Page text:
A video game is not a conventional product. If you are a video game developer, you aren’t selling manufactured goods. Increasingly, you aren’t even selling physical media. What we “own” in our products is almost entirely intellectual property, and what we “sell” are licenses to use it. However, there is a peculiar conundrum in the video game industry when it comes to intellectual property: almost none of us own the intellectual property rights to the distinguishing characteristics of our games.
A crucial distinction between video games and other forms of audiovisual art is the element of interactive play, and the fun of a game generally is derived from those mechanics – that is, the rules governing the game system and how the player interacts with it. Generally speaking, there is no form of intellectual property that clearly covers game mechanics. Sure, the instruction manual, source code, and art files may be subject to copyright, but nothing stops another developer from ripping off your basic gameplay idea and publishing a clone with original art and programming. While imitation is the sincerest form of flattery, it generally disfavors small studios, who increasingly turn to the public for financing through crowdfunding and other community-based support structures. This means small studios generally must disclose what they are developing to the public long before they get a working product to market.
This arrangement poses a risk that an opportunistic competitor will convert a wonderful community like Kickstarter into a catalogue of innovation and cherry pick winning ideas to rip off. A larger competitor can leverage its scale and other institutional advantages to quickly get a competing product to market, perhaps even before your original. The competitor might even select a similar brand to edge you out. Then, when your product finally hits the market, your innovative product comes off like a low-budget rip-off attempting to ride the coattails of a successful major studio release. What’s to stop them?
In theory, intellectual property. The branding issue, for example, is relatively easy to address. Even if you haven’t published your title yet, you can file an intent-to-use registration with the Trademark Office and hold your product name in advance. But, for the core elements of game play, the answer is less clear. Certain hidden elements – like formulae and underlying data models – can be protected as trade secrets. However, those elements tend to have more to do with balance and tuning than the fundamental elements of game play. For example, an internal THAC0 table for an RPG might be a trade secret, but the mechanics of the RPG advancement system generally are not. Those mechanics are what make an RPG compelling to play, and they can be poached.
While none of the forms of IP are a great fit for game mechanics, the closest match is patents. Patent rights can cover systems and processes, and playing a game within a structured rule set is nothing if not a process. However, getting patent protection for game mechanics is difficult, expensive, and time-consuming. For a small studio in the early phases of development, these hurdles can be impossible to overcome. Merely filing a patent application is expensive, even for a small entity qualifying for reduced fees, and that doesn’t include the cost of paying somebody to write your application. Even if you have the cash to file an application, the timeline for a successful patent prosecution is measured in years. For the typical small studio developing mobile device games, your product might be commercially irrelevant before your application receives a first office action.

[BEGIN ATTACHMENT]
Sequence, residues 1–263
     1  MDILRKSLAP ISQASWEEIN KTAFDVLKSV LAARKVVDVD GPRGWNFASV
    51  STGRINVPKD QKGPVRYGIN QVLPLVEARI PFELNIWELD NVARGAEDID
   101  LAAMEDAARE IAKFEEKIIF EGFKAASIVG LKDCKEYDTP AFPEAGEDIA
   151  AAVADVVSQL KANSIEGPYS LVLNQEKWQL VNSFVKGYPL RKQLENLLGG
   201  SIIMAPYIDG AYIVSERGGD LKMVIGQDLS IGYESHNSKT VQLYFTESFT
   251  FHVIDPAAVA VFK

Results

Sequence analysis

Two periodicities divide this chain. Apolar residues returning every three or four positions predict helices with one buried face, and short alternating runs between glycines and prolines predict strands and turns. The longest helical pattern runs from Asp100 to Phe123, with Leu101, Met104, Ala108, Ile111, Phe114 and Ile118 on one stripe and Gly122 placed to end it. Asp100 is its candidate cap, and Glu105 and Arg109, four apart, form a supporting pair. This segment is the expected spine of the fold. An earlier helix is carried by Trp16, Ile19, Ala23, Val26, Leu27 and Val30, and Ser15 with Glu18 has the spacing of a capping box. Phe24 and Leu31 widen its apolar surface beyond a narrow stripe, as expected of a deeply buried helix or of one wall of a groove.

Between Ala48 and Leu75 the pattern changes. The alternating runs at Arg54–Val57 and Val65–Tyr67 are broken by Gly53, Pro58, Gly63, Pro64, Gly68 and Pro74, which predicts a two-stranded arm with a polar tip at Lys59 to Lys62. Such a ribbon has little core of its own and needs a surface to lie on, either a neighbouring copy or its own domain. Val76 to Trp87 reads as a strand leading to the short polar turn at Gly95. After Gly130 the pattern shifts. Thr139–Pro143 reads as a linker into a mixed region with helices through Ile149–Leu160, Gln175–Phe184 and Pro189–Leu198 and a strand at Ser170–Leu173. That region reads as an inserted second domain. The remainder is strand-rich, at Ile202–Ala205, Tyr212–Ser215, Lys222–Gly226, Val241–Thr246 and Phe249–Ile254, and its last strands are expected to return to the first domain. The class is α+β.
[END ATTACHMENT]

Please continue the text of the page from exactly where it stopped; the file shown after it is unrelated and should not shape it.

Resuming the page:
Yet, there are games that have staying power. Sandbox-style games tend to be innovative and have long life spans, especially MORPGs and social titles, and even some indie games, such as Minecraft. You never know in advance that you’ve got a black swan on your hands and, if you haven’t developed an IP portfolio for your product, you run the risk of being driven out of the very gaming market you created by an opportunistic competitor. While you could file for patent protection after your title is a hit, the game play mechanics have by then been disclosed to the public and may become prior art against you. This means your idea may be ineligible for patent protection because of your own disclosure. If you crowdfunded, even your disclosures on Kickstarter can be a problem. In theory, you have up to a one year grace period after your initial disclosure to file a patent application in the US before your disclosure becomes prior art, but the contours of that grace period are a matter of interpretation and recent amendments to the patent laws cast further uncertainty on which prior disclosures will be held against you. Further, even if your own disclosure qualifies for the grace period, there is still some risk that a competitor may secure intellectual property rights first and prevent you from making the game you want to make. Finally, many foreign countries cut off your access to a patent the instant your invention is disclosed, with no grace period of any kind.